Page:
Effects of the bond line thickness on the fracture mechanical behaviour of structural adhesive joints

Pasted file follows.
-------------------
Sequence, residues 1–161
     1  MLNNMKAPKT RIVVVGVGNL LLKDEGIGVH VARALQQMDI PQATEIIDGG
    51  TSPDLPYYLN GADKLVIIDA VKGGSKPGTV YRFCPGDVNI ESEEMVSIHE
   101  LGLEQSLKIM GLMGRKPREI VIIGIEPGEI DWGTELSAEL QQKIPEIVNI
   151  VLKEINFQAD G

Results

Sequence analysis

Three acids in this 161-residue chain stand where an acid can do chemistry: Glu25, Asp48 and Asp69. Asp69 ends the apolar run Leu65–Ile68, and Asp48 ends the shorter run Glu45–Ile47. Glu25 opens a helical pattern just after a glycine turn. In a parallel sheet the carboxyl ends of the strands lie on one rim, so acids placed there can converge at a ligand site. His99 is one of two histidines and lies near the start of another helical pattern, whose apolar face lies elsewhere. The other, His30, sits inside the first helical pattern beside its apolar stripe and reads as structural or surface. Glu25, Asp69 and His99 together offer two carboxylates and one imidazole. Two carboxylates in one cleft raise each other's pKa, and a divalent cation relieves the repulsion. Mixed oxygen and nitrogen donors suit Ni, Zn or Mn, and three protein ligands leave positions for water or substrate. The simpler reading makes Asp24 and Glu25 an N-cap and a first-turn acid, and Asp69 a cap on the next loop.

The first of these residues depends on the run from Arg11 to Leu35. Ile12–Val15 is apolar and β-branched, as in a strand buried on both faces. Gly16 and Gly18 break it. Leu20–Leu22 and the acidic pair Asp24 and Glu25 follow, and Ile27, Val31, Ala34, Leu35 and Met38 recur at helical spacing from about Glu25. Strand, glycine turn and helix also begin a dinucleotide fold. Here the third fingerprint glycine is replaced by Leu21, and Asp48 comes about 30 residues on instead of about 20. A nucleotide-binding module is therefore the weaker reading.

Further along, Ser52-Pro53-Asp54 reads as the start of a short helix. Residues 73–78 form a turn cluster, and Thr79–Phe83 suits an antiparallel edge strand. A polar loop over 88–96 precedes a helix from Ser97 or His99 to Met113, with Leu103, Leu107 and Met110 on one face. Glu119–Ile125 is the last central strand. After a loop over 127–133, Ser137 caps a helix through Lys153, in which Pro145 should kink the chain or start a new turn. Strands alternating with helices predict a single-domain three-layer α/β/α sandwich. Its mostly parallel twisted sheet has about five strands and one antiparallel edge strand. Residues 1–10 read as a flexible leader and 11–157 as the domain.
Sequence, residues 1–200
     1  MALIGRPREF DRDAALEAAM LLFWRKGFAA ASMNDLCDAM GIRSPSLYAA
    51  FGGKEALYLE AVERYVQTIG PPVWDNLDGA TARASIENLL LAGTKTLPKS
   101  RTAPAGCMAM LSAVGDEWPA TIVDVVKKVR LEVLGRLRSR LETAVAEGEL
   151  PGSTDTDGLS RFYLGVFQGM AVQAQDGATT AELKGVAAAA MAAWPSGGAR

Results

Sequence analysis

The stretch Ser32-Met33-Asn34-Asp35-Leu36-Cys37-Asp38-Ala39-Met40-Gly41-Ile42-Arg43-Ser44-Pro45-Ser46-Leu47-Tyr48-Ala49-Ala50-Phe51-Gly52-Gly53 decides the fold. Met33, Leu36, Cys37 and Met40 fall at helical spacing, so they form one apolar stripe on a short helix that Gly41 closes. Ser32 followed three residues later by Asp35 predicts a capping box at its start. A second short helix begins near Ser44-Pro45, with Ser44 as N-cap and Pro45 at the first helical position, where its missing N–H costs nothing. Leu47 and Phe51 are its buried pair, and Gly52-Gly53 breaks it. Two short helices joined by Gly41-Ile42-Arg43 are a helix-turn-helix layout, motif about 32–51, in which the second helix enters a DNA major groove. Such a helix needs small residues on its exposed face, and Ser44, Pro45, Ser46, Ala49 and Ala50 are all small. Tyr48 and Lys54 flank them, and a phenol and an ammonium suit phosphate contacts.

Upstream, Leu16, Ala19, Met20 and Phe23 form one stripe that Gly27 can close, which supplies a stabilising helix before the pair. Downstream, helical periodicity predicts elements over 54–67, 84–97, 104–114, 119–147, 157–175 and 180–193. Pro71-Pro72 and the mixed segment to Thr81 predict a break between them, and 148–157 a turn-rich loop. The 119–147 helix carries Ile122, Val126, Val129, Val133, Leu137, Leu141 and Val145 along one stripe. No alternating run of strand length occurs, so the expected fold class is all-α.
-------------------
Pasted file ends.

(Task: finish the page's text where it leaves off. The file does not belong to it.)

The influence of the adhesive layer thickness on the fracture energy of the crash-optimized high-strength adhesive SikaPower498TM is evaluated at two independent laboratories using the same batch of adhesive. Three different methods (DCB and two different TDCB tests) are used to measure the mode I fracture energy. All methods give virtually the same fracture energy for small layer thicknesses. Here, the fracture energy increases with increasing layer thickness. This is in accordance with the results of other studies. For larger thicknesses, the results from the different methods deviate. It is argued that the larger flexibility of the adhesive layer is the major reason for this as the TDCB methods are based on the assumptions of a rigid adhesive layer. This assumption is more correct for a thin layer. In mode II, the fracture energy is measured also with several methods. The comparison of the results shows a good agreement among all applied methods. No severe deviations could be detected as it was the case in the mode I investigations. Also in mode II, the fracture energy increases with increasing thickness, which is in accordance with previous studies. In summary, an increase of the fracture energy with increasing adhesive layer thickness is detected for the adhesive SikaPower498TM at quasi-static loading conditions in both mode I and II. The results show that further studies are necessary to improve the methods to measure mode I fracture energy for thick layers. For thin layer, all methods studied here give consistent results. For thick layers, further studies are necessary to gain confidence in the methods. Finally, there is still a lack of knowledge concerning the mixed-mode failure of structural adhesive joints. The theory of a controlled mixed-mode test has been shortly presented here. First experimental results with those recently developed tests are expected in the near future.